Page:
Seminar: Improving Management of the Northern Root-Knot Nematode, Meloidogyne hapla, in Potato in New York State

Adrienne Gorny, Ph.D. student, Plant Pathology, School of Integrative Plant Science, Plant Pathology and Plant-Microbe Biology Section, Cornell University
Adrienne Gorny, Cornell University

Adrienne Gorny, Cornell University

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When (Date/Time)

April 9, 2018, 3:35 PM - 4:30 PM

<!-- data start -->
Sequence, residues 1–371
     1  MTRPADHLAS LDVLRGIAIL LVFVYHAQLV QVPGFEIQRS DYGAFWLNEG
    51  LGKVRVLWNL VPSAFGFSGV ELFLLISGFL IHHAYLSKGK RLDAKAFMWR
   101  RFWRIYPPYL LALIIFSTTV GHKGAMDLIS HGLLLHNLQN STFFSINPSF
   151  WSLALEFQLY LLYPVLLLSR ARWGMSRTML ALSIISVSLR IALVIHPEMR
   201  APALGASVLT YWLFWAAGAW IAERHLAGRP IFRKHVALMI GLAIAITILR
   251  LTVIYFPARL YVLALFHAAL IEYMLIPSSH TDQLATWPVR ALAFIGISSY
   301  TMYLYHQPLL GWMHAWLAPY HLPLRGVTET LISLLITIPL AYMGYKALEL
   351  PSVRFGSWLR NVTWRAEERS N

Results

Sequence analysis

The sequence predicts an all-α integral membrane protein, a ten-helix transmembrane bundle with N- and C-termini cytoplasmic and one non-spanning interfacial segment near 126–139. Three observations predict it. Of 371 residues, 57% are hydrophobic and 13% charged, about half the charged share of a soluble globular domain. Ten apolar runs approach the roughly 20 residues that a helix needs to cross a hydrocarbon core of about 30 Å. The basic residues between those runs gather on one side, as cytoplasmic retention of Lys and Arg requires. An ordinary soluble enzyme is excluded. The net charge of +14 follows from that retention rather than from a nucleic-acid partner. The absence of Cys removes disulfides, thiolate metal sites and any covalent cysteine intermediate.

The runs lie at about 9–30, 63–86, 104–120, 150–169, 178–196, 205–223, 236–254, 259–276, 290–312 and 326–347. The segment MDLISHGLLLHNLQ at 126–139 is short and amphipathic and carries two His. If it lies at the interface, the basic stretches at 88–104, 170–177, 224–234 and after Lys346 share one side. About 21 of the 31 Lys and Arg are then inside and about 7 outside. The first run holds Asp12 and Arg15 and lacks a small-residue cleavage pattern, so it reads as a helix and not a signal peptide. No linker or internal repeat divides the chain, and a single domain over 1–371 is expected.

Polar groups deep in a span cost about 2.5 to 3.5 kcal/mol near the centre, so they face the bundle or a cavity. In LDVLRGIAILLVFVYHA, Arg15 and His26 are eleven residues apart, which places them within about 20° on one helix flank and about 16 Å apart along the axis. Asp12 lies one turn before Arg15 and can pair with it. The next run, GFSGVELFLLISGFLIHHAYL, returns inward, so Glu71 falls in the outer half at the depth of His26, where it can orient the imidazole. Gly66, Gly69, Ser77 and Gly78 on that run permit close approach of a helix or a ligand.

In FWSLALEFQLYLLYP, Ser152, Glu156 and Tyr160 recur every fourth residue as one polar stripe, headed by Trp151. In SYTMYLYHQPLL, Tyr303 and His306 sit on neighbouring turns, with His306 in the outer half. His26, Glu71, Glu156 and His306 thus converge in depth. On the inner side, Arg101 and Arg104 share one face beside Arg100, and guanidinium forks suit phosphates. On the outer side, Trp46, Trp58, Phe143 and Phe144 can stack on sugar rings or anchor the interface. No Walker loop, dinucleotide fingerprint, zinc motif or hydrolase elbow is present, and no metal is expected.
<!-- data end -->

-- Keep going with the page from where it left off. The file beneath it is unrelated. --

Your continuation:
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The Northern root-knot nematode, Meloidogyne hapla, and lesion nematode, Pratylenchus penetrans, are important soilborne pathogens of potato and other vegetable crops in New York and the northeastern United States.  In potato, these nematodes may cause yield reductions and crop damage.  Damage from nematode feeding to potato tubers reduces quality and may render fresh-market tubers unmarketable.  Populations are often controlled by routine and prophylactic pesticide applications including fumigant or non-fumigant nematicides. However, if populations are below the damage threshold, control may not be warranted. The severity of nematode and other soilborne diseases may be well characterized by quantifying the initial inoculum present within a field, yet the threshold for M. hapla and P. penetrans in fresh-market potato production is not well understood. Furthermore, DNA-based technologies may be superior for the quantification of nematode populations compared to traditional enumeration techniques.  The goal of my work to develop risk algorithms for quantifying the relationship between M. hapla and P. penetrans DNA from soil prior to planting and potato crop loss and damage at harvest, and inform when pesticides or other strategies are justified.  To achieve this goal, I aim to develop a M. hapla-specific quantitative PCR test targeting a nematode effector gene, evaluate the relationship between pre-plant nematode DNA to potato yield and damage, and characterize the susceptibility of fresh market potato cultivars.  Within this seminar, I will present finding from on-farm surveys conducted to relate yield loss and crop damage to nematode population densities.  The holistic goal of my research is to provide a framework for development of a decision support system that utilizes pre-plant soil testing for DNA-based quantification of M. hapla and P. penetrans, and risk assessment in potato production in New York State.

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